Kaycee Sink from Wake Forest Baptist Medical Center: Cognitively Stimulating Activities Do Not Prevent Dementia

As the population gets older more questions are being asked about what can be done to prevent dementia and whether there are certain activities which are better suited to achieve this goal if it is possible.

As the population gets older more questions are being asked about what can be done to prevent dementia and whether there are certain activities which are better suited to achieve this goal if it is possible.

Kaycee M. Sink, MD, MAS, of Wake Forest Baptist Medical Center, took part in a debate on the topic during the American Academy of Neurology’s annual meeting in Vancouver and argued how cognitively stimulating activities do not necessarily prevent dementia.

Sink discussed online brain training and also puzzles such as sudoku or crossword puzzles, compared to activities that are both social activities and also cognitive activities, such as meeting up and playing bridge or other card games.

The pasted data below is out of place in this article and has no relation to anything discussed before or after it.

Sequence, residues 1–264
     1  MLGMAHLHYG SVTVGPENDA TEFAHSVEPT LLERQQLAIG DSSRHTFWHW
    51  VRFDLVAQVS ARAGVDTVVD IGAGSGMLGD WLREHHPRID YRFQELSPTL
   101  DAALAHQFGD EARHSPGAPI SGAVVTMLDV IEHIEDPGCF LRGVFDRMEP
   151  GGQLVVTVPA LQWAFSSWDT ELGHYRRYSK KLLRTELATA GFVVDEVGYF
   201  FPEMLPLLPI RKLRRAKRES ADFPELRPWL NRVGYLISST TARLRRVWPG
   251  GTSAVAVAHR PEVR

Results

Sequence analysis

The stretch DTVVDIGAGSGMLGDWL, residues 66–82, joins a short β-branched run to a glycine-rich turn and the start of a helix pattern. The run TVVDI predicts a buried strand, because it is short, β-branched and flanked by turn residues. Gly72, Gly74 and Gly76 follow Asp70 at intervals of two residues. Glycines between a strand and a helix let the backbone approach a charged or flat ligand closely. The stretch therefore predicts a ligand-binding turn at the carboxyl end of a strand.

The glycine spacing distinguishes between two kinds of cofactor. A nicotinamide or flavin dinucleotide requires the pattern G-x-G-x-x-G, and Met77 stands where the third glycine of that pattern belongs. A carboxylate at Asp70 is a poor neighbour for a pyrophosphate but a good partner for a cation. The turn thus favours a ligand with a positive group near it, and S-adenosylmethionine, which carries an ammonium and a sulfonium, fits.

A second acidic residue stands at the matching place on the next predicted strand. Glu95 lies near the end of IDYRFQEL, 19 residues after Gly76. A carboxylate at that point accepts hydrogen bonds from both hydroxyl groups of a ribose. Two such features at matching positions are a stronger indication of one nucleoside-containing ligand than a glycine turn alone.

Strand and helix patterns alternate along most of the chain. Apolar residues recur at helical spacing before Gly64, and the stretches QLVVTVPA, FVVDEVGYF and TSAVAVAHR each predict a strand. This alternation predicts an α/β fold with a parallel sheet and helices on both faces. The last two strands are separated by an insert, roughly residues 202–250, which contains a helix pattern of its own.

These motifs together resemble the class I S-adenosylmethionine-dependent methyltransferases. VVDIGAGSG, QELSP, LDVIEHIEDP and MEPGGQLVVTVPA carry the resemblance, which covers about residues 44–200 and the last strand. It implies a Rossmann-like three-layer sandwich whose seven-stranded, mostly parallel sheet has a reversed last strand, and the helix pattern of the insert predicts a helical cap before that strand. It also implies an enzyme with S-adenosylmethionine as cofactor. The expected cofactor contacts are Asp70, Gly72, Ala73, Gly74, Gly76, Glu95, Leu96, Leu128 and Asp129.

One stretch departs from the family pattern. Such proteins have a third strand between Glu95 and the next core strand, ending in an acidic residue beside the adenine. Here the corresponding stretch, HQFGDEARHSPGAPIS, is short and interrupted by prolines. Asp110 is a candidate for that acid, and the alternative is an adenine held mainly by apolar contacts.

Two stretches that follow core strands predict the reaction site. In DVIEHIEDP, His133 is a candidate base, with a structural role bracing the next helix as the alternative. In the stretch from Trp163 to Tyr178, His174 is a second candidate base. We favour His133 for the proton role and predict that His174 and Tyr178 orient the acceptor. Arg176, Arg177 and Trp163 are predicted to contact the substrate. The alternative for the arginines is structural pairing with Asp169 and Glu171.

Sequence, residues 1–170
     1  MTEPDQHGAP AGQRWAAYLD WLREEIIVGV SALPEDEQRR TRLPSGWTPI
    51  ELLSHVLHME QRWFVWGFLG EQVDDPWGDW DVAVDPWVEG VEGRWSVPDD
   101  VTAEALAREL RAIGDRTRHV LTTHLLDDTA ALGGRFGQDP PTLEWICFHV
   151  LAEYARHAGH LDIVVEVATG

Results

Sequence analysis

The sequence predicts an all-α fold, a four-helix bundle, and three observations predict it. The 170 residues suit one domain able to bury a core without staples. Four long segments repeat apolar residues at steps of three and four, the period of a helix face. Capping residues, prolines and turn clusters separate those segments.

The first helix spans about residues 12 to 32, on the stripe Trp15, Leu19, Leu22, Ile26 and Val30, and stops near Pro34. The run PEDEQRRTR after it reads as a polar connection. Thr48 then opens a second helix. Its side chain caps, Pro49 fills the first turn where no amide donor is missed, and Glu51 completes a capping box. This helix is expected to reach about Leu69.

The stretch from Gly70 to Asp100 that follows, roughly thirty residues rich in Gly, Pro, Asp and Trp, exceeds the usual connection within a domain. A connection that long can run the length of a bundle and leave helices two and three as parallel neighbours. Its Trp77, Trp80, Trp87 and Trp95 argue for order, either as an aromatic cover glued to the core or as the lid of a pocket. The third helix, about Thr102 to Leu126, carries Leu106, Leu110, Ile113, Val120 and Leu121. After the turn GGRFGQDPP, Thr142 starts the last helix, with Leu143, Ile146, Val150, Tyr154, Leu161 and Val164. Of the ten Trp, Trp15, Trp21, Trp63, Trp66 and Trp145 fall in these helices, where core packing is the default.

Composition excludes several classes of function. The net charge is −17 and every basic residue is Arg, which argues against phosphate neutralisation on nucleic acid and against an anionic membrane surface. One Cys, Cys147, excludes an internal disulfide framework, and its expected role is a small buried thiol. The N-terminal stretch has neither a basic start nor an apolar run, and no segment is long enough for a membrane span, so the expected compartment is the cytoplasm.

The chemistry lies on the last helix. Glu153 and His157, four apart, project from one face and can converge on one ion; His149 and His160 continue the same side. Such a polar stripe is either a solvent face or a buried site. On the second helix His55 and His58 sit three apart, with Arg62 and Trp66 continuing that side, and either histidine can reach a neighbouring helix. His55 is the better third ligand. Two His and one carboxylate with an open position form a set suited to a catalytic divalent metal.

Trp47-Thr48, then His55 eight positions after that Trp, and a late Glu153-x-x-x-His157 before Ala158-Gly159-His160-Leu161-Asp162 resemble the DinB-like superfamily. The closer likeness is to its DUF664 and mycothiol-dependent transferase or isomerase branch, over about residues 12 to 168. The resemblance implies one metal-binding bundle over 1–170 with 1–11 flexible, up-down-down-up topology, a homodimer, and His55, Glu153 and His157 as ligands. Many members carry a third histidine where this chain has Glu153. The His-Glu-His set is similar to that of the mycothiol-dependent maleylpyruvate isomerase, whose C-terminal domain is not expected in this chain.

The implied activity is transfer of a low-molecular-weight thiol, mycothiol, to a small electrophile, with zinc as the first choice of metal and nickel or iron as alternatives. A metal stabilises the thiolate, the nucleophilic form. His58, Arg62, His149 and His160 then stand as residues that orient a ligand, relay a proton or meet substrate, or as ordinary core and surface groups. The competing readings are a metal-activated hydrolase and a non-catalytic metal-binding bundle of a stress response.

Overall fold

In her own practice Sink said ultimately she recommends finding activities that combine the physical, the social and the cognitive in one activity. Regardless, Sink said the activities are not necessarily preventing dementia.

“There’s no evidence engaging in these activities actually changes your function or prevents dementia,” she said. Instead, it simply means better performance of the task.

The main argument of her opponent, according to Sink, was that engaging in lifelong higher learning could result in cognitive reserve and delay dementia. Sink said that with dementia being the number one fear of older adults, the lifelong occupational learning her opponent refers to does not address the older adult asking at age 50 or older what they can do now to prevent dementia.

“Dementia pathology starts decades before diagnosis is made,” Sink said. “What can they do now? Stay cognitively active.”